SDS-PAGE shows two bands ?

classic Classic list List threaded Threaded
2 messages Options
Reply | Threaded
Open this post in threaded view
|

SDS-PAGE shows two bands ?

Stephen McMahon
Hi,

 

I have purified a protein of unknown sequence that runs as a single peak on
gel filtration.  An analysis on SDS-PAGE shows two bands.  Before staining
the gel (coomassie) the upper of the two bands is already clearly visible
(~24kDa).  The lower band only becomes visible after staining (12kDa).  My
feeling is the two bands represent the same protein and the upper band has
something covalently attached (some sort of dye) such that the protein runs
erratically on SDS-PAGE and allows it to be visualized without staining.

Does anyone have any experience of this or have any idea what is attached to
the protein?

 

Many Thanks,

Stephen

 

_______________________________________________
Proteins mailing list
[hidden email]
http://www.bio.net/biomail/listinfo/proteins
Reply | Threaded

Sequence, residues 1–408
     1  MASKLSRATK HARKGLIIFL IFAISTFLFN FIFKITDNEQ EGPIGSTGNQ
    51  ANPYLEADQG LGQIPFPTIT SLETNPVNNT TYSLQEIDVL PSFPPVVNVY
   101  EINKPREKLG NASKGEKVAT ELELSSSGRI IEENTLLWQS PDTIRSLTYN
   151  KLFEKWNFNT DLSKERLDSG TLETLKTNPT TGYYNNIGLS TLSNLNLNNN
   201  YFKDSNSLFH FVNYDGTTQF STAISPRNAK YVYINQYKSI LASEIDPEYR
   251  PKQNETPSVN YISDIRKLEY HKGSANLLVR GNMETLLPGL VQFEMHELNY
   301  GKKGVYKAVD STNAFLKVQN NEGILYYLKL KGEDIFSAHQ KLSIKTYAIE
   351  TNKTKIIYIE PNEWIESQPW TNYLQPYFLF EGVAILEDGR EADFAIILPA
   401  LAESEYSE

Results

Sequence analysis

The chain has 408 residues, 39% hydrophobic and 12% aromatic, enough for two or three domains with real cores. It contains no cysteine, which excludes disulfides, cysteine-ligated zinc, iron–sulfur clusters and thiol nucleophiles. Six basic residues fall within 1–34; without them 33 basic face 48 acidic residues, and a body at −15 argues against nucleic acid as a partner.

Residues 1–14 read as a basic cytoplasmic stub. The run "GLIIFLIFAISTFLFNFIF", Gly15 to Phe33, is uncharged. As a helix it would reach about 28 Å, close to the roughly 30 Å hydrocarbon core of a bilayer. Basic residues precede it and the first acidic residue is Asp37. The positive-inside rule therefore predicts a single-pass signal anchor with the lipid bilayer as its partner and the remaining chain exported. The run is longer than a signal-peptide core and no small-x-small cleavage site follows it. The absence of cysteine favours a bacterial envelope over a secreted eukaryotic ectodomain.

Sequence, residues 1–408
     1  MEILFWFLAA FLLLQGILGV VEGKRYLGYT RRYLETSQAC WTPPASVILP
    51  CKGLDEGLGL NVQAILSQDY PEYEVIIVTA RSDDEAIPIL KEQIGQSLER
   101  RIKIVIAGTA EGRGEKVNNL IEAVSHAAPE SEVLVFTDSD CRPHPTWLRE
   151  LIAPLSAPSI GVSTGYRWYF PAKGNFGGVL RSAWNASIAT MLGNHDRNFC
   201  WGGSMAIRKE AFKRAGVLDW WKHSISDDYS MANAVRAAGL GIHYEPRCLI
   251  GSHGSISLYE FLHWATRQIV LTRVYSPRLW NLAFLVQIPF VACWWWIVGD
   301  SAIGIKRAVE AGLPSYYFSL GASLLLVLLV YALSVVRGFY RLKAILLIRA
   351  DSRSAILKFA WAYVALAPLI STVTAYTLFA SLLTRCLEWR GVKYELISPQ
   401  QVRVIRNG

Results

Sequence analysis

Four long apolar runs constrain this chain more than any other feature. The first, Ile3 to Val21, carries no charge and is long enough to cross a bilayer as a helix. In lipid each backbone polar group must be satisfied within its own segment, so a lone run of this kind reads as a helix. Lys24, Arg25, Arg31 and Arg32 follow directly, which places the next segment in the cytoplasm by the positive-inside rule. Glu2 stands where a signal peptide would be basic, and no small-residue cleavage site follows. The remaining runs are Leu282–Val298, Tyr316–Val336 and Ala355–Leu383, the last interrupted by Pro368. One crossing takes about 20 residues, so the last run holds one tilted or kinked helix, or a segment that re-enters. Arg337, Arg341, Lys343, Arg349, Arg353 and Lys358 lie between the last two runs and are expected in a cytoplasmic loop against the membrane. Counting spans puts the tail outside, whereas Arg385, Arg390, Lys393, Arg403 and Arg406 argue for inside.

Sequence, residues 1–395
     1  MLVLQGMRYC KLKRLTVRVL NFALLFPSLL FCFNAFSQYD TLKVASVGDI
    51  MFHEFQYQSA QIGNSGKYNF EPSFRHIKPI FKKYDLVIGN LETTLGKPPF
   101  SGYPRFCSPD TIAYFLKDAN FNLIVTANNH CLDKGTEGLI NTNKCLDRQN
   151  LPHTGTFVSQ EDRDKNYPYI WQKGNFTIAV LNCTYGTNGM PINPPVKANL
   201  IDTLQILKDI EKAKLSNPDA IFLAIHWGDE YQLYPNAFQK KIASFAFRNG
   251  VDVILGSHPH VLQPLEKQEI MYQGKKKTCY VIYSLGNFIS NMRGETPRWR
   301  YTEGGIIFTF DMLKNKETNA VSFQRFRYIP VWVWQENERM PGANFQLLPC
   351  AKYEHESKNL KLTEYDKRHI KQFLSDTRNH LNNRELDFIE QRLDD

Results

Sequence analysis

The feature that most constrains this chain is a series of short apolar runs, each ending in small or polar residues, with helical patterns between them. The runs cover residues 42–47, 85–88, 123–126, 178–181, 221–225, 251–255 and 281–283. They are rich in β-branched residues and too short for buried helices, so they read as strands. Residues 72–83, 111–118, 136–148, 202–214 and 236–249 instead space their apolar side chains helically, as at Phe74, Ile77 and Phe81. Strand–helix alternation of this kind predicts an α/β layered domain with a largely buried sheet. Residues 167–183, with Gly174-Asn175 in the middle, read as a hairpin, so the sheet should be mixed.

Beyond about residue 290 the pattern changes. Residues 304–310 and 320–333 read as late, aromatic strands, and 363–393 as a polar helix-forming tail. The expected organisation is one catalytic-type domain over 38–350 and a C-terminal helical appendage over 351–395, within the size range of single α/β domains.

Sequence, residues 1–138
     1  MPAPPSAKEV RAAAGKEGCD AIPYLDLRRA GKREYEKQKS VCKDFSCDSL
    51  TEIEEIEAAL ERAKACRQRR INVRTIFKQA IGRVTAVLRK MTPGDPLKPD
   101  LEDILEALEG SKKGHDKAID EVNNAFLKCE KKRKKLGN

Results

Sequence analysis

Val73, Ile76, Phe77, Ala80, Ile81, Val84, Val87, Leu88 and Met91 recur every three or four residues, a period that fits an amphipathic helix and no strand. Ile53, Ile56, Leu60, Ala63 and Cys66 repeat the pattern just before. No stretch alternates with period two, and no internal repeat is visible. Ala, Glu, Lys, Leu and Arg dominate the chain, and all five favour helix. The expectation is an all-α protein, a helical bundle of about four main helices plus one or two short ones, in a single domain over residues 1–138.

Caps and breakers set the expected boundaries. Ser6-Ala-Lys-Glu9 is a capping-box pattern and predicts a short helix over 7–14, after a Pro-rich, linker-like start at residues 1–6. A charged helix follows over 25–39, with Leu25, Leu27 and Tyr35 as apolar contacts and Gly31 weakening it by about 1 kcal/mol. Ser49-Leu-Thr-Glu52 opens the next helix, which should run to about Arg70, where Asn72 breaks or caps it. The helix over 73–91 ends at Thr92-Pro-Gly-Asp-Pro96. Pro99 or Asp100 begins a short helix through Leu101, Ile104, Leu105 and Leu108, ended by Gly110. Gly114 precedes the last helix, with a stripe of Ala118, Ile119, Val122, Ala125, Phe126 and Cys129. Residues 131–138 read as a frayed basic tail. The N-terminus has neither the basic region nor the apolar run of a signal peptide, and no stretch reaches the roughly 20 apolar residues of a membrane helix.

Open this post in threaded view
|

Re: SDS-PAGE shows two bands ?

allisonh
Stephen McMahon wrote:

> Hi,
>
>  
>
> I have purified a protein of unknown sequence that runs as a single peak on
> gel filtration.  An analysis on SDS-PAGE shows two bands.  Before staining
> the gel (coomassie) the upper of the two bands is already clearly visible
> (~24kDa).  The lower band only becomes visible after staining (12kDa).  My
> feeling is the two bands represent the same protein and the upper band has
> something covalently attached (some sort of dye) such that the protein runs
> erratically on SDS-PAGE and allows it to be visualized without staining.

What size does your protein elute at from the gel filtration column?  If
it is around 36K (or other combination of 12K and 24K) then run a
non-reducing SDS-PAGE -  your protein may have subunits held together by
disulphide bonds.

Does the protein peak from the gel filtration column have the same
colour as the band on the gel?

Allison
_______________________________________________
Proteins mailing list
[hidden email]
http://www.bio.net/biomail/listinfo/proteins